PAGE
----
“We infer that God’s secret plan for history lies hidden in the sealed scroll; so when the Lamb takes the scroll from his hand and begins to break its seals, we look though John’s eyes for answers to our questions, When? and What? and How long? Instead of answering our questions, the prolonged process of preparing to unroll the scroll presents a series of portraits that answer the question, Why, if the Lion-Lamb has conquered, does the world continue to be a place of evil, violence, and misery?” (Dennis E. Johnson, Triumph of the Lamb, page 117).
A quote used in the Reflection on Revelation 6 for Trinity Presbyterian Church of the OPC.
“Paradox is vivid in the letter to Smyrna, one of Jesus’ two blameless churches. The Smyrnan Christians are poor, yet they are rich. Their opponents claim to be Jews but are Satan’s synagogue. The victor who is faithful to the extremity of death is promised a crown of life and safety from the second death. This promise is secured by the One who is Israel’s eternal refuge (‘first and last,’ echoing Isa. 44:6; 48:12) and yet is also the suffering savior who ‘was dead and has come to life’ (Rev. 2:8).” (Dennis E. Johnson, Triumph of the Lamb, p. 73).
“[T]he churches are to read and reread the book in their assembly so that they may continually be reminded of God’s real, new world, which stands in opposition to the old, fallen system in which they presently live. Such a continual reminder will cause them to realize that their home is not in this old world but in the new world portrayed parabolically in the heavenly visions.” (Gregory Beale, The Book of Revelation, NIGTC, p. 175).
Quotes used in the Reflection for Trinity Presbyterian Church of the OPC.
“Baptism . . . signifies union with Christ, purifying from the pollution of sin by regeneration of the Spirit, and purifying from the guilt of sin by the blood of Christ. . . . The sign and seal of baptism can be no pledge or guarantee to us of that which baptism signifies except as we are mindful of God’s covenant, embrace its promises, discharge its obligations, and lay hold in faith upon the covenant faithfulness of God.” (John Murray, Christian Baptism, pp. 89-91).
Quote used in the Reflection for Trinity Presbyterian Church, OPC–looking at the bronze basin which God had Moses build for the Tabernacle.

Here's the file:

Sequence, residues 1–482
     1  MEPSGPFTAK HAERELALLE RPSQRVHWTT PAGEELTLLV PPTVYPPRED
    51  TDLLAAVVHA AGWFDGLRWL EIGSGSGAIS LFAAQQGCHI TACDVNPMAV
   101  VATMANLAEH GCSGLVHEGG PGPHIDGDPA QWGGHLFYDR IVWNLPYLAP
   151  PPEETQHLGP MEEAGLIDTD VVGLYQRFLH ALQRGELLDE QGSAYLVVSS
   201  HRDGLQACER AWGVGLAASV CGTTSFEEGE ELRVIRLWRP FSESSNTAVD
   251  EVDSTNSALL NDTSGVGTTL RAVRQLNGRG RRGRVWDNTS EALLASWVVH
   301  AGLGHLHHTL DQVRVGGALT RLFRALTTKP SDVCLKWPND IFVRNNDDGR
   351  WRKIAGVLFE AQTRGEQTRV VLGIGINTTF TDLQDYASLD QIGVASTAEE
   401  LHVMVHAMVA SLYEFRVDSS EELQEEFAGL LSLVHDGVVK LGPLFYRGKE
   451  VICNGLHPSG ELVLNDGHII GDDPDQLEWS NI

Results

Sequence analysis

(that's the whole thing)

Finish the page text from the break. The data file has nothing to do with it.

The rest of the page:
The isolation in Egypt had kept Abraham’s relatively small clan from being influenced by and absorbed into the pagan Canaanites as they grew into a nation. They were different from the peoples around them. Similarly, God’s people today are still a distinctive people. Beware of compromising that by replacing trust in the Lord with dependence on a political leader who cloaks himself in messianic garb—regardless of which political party he or she identifies with. The health and wealth gospel is a false gospel, whether coming from the left or the right. With Jethro, see the greatness of the God who, in distinction from whatever else is worshiped, has overcome his foes and delivered his people.
(from reflections on Exodus 18:9-12, Jethro’s visit to Moses and the nation of Israel)
Jethro, a Gentile, joins in worshiping the LORD, the covenant God of Israel. He anticipates what would happen when the Messiah came, drew us near to a holy God by shedding his blood for us, and then breaking down the wall of partition. We have been incorporated into a building made of living stones, and by the Spirit, have become a dwelling place for God!
“Jethro saw in the rescue from the power of the Egyptians and of Pharaoh proof that the Lord was greater than all other gods, . . and, of course, especially the gods of Egypt. He thus perceived the spiritual background of the events of the Exodus and wilderness journey, even though he was a Gentile; his praise was a prophecy of the future recognition on the part of the nations, those who were not descendants of Abraham, that none among the gods was like the God of Israel (df. Ps. 86:8-10). In Jethro, the Lord showed Israel that, although the law would later be given to Israel alone, He was faithful to his promise of Genesis 12:3. . . .” W. H. Gispen, Exodus, p. 175).